Definition of “come down” - English Dictionary

american-english dictionary
Contents

“come down” in British English

See all translations

come down

phrasal verb with come uk /kʌm/ us /kʌm/ verb came, come

(LAND)

B2 to fall and land on the ground:

A lot of trees came down in the storm.
Our plane came down in a field.
The snow came down during the night.

More examples

(LOWER LEVEL)

B2 If a price or a level comes down, it becomes lower:

House prices have come down recently.
Inflation is coming down.

informal to feel less excited after a very enjoyable experience:

The whole weekend was so wonderful I haven't come down yet.

More examples

(SUPPORT)

[ + adv/prep ] to decide that you support a particular person or side in an argument, etc.:

The government has come down on the side of military action.

(TRAVEL SOUTH)

to go to a place that is south of where you live:

My boyfriend's coming down from Scotland this weekend.
They don't come down to London much because it's too tiring with the kids.

(Definition of “come down” from the Cambridge Advanced Learner's Dictionary & Thesaurus © Cambridge University Press)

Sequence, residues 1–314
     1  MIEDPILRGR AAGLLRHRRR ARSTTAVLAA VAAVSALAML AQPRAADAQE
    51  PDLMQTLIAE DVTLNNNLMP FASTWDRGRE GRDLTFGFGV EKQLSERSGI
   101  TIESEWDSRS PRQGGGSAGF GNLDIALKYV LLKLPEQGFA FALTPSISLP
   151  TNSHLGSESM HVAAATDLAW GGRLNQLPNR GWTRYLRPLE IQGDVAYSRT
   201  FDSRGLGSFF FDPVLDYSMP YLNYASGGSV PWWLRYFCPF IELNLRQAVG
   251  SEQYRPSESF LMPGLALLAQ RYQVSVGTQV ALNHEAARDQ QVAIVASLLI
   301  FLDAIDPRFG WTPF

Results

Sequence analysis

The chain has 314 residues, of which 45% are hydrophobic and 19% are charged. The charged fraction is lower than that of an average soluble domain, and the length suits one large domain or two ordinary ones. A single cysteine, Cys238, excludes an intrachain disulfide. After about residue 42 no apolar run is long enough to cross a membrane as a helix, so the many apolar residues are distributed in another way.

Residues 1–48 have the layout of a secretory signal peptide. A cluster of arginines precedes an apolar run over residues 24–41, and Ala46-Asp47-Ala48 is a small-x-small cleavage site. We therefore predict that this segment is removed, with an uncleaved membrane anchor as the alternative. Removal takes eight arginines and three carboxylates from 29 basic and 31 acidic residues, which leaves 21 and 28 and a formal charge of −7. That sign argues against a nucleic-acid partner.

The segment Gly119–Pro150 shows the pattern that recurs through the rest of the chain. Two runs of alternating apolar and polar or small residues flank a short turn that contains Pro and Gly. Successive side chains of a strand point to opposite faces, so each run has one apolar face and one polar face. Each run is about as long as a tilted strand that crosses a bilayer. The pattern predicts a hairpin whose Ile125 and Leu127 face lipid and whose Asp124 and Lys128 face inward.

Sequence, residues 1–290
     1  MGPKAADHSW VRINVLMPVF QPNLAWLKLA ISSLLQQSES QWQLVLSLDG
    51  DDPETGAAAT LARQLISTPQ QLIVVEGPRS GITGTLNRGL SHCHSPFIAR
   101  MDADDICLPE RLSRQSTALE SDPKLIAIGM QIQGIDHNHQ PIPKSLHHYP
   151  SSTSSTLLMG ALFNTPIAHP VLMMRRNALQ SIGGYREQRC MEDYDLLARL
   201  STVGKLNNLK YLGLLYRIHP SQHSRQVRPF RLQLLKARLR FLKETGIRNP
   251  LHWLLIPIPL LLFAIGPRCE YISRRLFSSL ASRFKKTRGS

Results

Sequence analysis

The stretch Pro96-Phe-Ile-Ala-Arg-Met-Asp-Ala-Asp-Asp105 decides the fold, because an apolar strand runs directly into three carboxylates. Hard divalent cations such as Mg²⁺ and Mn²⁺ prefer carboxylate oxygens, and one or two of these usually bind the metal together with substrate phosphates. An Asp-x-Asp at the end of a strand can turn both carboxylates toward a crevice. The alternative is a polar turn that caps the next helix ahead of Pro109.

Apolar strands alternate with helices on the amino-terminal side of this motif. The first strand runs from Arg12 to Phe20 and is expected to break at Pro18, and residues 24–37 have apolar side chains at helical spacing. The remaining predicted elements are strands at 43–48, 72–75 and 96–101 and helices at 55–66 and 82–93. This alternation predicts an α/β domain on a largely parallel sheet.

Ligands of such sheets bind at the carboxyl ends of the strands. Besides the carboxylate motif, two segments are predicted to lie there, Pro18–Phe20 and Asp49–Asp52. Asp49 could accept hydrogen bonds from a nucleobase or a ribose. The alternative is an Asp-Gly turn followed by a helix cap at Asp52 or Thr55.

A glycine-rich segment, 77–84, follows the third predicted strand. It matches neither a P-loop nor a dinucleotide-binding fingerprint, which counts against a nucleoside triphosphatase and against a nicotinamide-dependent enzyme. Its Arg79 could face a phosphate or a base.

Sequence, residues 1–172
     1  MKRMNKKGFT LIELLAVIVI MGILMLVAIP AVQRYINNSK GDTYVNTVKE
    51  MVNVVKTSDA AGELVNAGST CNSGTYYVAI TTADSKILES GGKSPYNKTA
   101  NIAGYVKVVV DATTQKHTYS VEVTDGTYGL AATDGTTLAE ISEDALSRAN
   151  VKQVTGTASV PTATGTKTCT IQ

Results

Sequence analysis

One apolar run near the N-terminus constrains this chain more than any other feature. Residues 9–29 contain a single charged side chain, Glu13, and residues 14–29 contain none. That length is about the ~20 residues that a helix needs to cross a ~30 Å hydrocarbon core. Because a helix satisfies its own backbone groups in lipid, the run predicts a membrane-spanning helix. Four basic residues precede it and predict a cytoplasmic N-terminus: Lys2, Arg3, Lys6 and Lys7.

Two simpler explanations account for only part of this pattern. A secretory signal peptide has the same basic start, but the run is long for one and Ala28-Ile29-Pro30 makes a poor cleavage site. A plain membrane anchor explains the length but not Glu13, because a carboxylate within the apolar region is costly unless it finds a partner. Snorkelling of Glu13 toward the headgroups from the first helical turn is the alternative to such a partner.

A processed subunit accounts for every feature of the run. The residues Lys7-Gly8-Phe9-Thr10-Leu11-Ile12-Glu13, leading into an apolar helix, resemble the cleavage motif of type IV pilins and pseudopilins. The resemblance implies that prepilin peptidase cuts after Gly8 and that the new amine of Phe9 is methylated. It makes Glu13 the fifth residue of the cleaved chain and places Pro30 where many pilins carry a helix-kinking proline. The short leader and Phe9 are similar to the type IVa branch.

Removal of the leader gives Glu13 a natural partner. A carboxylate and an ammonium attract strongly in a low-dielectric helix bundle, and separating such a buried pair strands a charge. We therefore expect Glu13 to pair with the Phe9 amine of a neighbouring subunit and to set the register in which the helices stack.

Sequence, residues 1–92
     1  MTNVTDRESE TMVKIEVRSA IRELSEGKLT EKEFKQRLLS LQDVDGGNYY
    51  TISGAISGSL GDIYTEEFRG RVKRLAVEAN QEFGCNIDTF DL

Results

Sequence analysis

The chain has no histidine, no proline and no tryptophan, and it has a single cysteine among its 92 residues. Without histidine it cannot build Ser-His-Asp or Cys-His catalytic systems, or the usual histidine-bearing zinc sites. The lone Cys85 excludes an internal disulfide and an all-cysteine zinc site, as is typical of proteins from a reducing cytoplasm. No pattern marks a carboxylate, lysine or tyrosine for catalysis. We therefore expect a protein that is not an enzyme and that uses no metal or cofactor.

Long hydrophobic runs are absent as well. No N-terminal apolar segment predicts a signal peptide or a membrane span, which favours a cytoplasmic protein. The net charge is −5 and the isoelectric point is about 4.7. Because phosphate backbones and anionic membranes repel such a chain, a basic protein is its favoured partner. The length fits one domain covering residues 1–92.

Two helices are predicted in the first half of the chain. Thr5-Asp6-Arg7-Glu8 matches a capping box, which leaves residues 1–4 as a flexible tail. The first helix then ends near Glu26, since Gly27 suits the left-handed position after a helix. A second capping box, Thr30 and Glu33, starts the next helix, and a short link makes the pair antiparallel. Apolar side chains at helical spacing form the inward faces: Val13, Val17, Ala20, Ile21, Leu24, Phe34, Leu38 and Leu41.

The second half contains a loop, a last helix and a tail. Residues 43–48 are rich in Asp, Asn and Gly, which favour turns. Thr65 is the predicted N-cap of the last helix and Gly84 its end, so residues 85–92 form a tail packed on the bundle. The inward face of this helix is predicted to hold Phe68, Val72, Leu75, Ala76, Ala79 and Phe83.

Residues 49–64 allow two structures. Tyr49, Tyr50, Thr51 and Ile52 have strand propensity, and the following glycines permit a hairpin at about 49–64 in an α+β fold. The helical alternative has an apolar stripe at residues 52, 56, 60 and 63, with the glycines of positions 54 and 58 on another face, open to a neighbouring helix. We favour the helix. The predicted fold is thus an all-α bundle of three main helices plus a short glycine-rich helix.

“come down” in American English

See all translations

come down

phrasal verb with come us /kʌm/ verb past tense came /keɪm/ , past participle come

to become lower in position or value:

I am not going to buy any more coffee until the price comes down.

(Definition of “come down” from the Cambridge Academic Content Dictionary © Cambridge University Press)

“come down” in Business English

See all translations

come down

phrasal verb with come uk /kʌm/ us verb

[ I ] if a price or a level comes down, it becomes lower:

We are expecting interest rates to come down.
come down by a third/50%/a lot, etc. Sales went up and costs came down by about a third.
come down from sth The share price came down from its high pretty quickly.

(Definition of “come down” from the Cambridge Business English Dictionary © Cambridge University Press)